University of Connecticut coach Randy Edsall stood at midfield yesterday, wheeling back and forth so he could watch the offense and defense at the same time.
The Huskies were practicing on Christmas in preparation for their second bowl appearance in four years, and it was evident from Edsall's focus and short whistle blasts that he remains motivated by the doubters who said postseason football would never happen at his school.
Six years after UConn (9-3) moved to the highest level of college football, the school is enjoying its best season, which will end Saturday against Wake Forest (8-4) in the Meineke Bowl at Charlotte, N.C.
"It's very satisfying, because there were a lot of people that never thought that UConn could compete at this level in terms of football," Edsall said. "To do what we've done in such a short period of time, it's very gratifying. To be co-Big East champs and going to a second bowl in six years of being in existence, to a lot of people, that's never happened."
Edsall was hired in 1999 as UConn prepared to move from what was then Division 1-AA to the big time. The move was complete in 2002. The Huskies moved into a new stadium a season later and beat Toledo in the Motor City Bowl in 2004, the same year they joined the Big East.
Then came consecutive losing seasons, including an ugly 4-8 mark last year. The Huskies were picked to finish seventh in the eight-team Big East this season.
"I knew we'd be better than that. I knew we'd be better than a year ago," Edsall said. "We had two tough years in terms of a lot of injuries."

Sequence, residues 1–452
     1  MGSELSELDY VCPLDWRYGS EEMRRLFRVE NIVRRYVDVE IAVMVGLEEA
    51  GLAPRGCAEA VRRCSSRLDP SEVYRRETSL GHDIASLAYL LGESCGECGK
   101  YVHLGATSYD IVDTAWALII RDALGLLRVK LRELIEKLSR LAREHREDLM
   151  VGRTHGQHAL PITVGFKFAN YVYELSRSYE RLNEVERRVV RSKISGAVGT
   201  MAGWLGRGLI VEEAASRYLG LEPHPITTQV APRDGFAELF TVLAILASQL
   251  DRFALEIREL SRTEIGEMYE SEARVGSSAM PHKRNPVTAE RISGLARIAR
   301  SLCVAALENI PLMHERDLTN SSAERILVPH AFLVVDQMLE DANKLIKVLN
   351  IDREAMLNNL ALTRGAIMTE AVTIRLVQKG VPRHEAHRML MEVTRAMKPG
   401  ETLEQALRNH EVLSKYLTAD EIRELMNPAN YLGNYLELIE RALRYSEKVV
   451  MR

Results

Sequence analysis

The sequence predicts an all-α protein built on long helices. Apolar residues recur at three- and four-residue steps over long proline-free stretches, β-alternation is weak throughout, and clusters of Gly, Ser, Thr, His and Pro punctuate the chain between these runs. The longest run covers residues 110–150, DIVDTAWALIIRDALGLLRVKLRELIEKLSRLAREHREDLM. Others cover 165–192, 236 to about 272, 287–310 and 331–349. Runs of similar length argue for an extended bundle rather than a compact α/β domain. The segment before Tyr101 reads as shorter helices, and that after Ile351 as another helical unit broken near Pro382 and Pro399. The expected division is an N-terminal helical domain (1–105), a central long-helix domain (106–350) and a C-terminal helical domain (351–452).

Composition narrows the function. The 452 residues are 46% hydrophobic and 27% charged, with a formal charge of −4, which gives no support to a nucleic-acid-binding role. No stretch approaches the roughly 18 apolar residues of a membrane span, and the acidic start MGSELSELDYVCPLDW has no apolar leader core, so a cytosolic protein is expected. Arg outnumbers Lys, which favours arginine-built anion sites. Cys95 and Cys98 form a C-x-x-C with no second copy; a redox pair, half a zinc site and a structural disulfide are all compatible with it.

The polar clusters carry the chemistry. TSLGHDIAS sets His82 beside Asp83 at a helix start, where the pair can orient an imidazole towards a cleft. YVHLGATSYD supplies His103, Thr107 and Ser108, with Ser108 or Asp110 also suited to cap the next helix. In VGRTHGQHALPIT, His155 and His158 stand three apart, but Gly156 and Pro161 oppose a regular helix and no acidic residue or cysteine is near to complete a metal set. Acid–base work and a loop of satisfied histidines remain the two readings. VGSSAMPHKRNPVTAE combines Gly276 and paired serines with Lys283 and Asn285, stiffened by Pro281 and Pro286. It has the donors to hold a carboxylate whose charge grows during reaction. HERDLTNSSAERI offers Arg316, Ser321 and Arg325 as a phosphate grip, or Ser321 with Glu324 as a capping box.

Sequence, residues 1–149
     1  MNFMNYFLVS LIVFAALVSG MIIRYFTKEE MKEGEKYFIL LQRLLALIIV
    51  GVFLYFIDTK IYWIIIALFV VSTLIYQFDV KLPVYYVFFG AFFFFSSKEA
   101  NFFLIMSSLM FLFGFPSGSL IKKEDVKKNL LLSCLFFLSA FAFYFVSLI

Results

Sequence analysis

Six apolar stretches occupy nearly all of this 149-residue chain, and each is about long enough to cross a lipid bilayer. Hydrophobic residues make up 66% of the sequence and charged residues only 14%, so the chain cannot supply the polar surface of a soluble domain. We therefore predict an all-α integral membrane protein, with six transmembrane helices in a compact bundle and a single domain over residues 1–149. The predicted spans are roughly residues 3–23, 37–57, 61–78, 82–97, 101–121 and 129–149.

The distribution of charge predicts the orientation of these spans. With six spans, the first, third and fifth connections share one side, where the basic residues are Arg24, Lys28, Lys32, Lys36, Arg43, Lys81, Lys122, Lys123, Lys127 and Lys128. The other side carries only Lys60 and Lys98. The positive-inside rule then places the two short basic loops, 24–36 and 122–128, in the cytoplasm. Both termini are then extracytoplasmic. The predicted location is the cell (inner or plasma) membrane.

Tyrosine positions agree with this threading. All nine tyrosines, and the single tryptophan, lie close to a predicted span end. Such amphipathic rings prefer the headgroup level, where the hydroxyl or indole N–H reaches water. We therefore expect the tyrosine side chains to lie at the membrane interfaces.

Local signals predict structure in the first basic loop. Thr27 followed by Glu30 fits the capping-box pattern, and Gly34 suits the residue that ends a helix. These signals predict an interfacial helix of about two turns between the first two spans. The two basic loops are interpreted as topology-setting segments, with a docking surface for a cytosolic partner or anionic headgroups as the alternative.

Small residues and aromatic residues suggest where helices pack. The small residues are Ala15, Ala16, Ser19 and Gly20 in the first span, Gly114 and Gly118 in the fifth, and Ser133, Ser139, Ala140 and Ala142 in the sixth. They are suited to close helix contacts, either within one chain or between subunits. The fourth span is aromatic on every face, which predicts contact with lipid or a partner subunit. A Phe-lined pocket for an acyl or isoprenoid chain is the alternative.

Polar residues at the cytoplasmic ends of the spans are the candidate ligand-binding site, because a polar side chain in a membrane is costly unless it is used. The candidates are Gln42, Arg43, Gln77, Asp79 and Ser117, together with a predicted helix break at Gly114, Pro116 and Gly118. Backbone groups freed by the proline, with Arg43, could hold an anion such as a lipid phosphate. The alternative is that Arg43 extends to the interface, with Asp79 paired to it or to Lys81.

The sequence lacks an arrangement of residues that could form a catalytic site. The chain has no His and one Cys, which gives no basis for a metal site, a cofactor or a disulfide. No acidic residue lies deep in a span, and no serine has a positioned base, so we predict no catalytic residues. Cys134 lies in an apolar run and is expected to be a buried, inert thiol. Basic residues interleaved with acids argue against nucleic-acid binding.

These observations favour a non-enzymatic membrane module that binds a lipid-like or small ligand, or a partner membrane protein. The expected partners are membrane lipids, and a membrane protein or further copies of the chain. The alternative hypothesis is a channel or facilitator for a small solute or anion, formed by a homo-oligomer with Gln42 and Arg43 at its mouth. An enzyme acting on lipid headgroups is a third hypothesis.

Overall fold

With the ship righted, the key for Edsall is to make a bowl game a regular occurrence.
"The kids come to school to get their education, but to participate in these games, it's something you want them to experience year in and year out," Edsall said. "This is the reward. You want to make this an annual appearance."
Hard to forgetThe hurt is still there for No. 11 West Virginia.
So close were the Mountaineers to locking up a spot in the national championship game. All West Virginia had to do was beat Pittsburgh Dec. 1.
The 13-9 loss to the Panthers, who were 28-point underdogs, shocked the program.
A bigger surprise came Dec. 16 when coach Rich Rodriguez told his players that he was taking the job at Michigan.
The pain still lingers as the Mountaineers (10-2) head to Arizona today without Rodriguez to continue preparations for the Fiesta Bowl against No. 3 Oklahoma (11-2).
"We're still playing a BCS bowl and I think that's pretty much our team's mood," said offensive lineman Ryan Stanchek. "You set out at the beginning of the year to win the Big East and play in a BCS bowl. And that's where we're at. So I think we just need to move on."